An AP Television News cameraman saw two F-4 fighter jets flying low along the Iraqi border on an apparent reconnaissance mission, a day after warplanes reportedly pounded rebel positions along the border. Separately, at least five F-16 warplanes loaded with bombs were seen taking off from a base in the southeastern city of Diyarbakir, local reporters said. A batch of F-16s had took off from the same base earlier Thursday as well.

"We are totally determined to take all the necessary steps to end this threat," Gul said in Ankara before a visit by a delegation of high-level Iraqi officials.

Turkey is "expecting them to come with concrete proposals - otherwise, the visit will have no meaning," Foreign Minister Ali Babacan said.

The delegation is headed by Iraqi Defense Minister Abdul-Qader al-Obeidi and will include Minister of State for National Security Sherwan al-Waili, said Yassin Majid, an adviser to Prime Minister Nouri al-Maliki.

"The political choice will be the first solution to solve the crisis. The Iraqi government insists on dialogue and cooperation to solve the crisis," Majid said.

Iraq has promised to shut down offices used by rebel bases. But Turkey wants Iraq and U.S. forces to destroy the bases and extradite the rebel leadership to Turkey.

Turkey's top leadership has called for both an incursion and economic measures against northern Iraq if Turkey's demands are not met. The self-ruling Kurdish administration in Iraq's landlocked north relies heavily on Turkish investment and fuel imports.

Turkish troops have killed hundreds of Kurdish rebels since Jan. 1, the state-run Anatolia news agency said, citing military sources. It did not say how many Turkish soldiers have died, but about 30 troops have been killed this month alone.

On Sunday, a rebel ambush near the border killed 12 soldiers. Eight soldiers have been missing since then; the rebels say they are holding them hostage and have distributed photographs and video.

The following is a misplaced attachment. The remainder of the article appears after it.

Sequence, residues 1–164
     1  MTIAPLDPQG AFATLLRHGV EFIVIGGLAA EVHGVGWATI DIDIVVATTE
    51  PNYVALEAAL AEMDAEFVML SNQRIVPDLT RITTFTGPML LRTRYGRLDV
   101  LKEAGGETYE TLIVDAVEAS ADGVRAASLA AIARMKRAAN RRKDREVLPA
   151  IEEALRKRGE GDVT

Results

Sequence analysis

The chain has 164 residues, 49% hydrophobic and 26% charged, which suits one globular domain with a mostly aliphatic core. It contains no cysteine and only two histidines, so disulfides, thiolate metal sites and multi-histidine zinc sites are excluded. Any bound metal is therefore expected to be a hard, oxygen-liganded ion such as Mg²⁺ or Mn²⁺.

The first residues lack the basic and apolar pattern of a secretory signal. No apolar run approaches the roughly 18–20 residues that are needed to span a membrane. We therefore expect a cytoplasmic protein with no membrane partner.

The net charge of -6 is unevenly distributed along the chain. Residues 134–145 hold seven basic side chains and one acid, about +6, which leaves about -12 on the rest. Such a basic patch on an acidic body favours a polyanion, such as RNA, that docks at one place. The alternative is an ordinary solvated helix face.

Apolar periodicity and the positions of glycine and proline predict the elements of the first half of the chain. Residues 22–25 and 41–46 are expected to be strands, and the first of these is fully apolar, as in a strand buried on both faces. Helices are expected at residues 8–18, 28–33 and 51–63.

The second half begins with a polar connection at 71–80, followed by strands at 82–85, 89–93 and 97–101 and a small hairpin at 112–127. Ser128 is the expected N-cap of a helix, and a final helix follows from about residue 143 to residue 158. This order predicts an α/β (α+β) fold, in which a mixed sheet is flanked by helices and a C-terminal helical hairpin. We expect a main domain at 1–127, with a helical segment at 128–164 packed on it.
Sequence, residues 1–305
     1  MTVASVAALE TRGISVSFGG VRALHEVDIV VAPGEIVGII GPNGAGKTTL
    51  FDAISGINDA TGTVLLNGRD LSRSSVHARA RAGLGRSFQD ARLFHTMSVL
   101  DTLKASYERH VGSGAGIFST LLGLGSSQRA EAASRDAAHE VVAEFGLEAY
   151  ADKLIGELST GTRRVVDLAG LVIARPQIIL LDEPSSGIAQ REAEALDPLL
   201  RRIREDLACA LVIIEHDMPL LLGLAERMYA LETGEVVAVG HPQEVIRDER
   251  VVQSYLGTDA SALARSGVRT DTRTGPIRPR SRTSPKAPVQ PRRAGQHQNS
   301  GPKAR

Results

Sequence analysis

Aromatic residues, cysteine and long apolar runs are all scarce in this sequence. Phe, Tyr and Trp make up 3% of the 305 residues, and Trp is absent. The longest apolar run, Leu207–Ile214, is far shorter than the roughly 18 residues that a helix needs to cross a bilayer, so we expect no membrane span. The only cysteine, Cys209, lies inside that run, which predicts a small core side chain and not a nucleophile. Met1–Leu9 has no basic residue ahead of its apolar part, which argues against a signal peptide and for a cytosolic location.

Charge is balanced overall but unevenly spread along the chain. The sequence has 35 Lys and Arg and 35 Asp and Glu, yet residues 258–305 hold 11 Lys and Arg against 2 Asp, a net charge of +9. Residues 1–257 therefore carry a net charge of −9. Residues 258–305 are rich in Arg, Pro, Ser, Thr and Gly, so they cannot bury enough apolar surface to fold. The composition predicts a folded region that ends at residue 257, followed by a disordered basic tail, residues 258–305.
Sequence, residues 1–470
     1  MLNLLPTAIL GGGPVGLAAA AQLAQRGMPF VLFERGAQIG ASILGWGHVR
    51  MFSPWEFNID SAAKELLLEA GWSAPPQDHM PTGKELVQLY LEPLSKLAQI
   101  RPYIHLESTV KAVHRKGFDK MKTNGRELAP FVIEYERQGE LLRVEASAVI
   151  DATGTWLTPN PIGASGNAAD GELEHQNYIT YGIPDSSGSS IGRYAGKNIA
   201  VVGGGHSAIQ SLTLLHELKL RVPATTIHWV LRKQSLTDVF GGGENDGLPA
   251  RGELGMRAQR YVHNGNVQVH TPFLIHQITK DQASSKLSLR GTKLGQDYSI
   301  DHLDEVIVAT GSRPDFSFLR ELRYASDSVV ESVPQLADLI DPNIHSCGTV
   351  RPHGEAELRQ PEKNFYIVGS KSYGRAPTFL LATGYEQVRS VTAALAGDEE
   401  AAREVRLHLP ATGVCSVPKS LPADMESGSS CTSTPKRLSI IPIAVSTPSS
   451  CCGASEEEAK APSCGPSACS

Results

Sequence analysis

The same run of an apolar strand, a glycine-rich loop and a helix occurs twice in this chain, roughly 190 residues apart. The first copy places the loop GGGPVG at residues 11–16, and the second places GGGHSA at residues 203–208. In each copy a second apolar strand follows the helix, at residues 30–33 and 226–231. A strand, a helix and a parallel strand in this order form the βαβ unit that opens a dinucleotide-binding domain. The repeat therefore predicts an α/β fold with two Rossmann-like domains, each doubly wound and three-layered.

U.S., Turkish and Iraqi officials are working to free the hostages, Matthew Bryza, the U.S. deputy assistant secretary of state for European and Eurasian affairs, said at a meeting in Ankara of officials from Black Sea nations. He also said Washington has increased the level of cooperation in intelligence sharing with Turkey.

In other developments:

  • The chairman of a House watchdog committee, said Thursday that recent State Department missteps, including lax oversight of Blackwater USA and other security contractors, may have hurt U.S. efforts in Iraq. "We need to know whether the mistakes of the State Department have jeopardized any chance for political success in Iraq," Rep. Henry Waxman, a Democrat, told Secretary of State Condoleezza Rice at the start of a hearing. Rice made a brief opening statement in her second day of testimony in Congress. "The success of what civilians bring to the fight is absolutely crucial," Rice said.

  • A court on Thursday threw out the case against a U.S. soldier charged in the 2005 shooting of an Italian intelligence agent in Iraq, a killing that infuriated Italians and soured relations with Washington. The court agreed with the defense argument that Italy had no jurisdiction in the case of Spc. Mario Lozano, a member of the New York-based 69th Infantry Regiment on trial in absentia on charges of murder and attempted murder for the shooting of Nicola Calipari, hailed as a hero by Italians for his role in the rescue of a kidnapped Italian journalist.

  • Rep. Waxman also said Thursday that Iraqi Prime Minister Nouri al-Maliki has issued an order requiring his approval of any corruption investigations of himself or senior ministry officials. Waxman said the order essentially grants immunity to al-Maliki and his ministry at a time when fraud and abuse is rampant and hurting reconstruction efforts. "These are not unfounded allegations," Waxman said. "This is Nouri al-Maliki's edict that no one will be referred to court unless he approves it."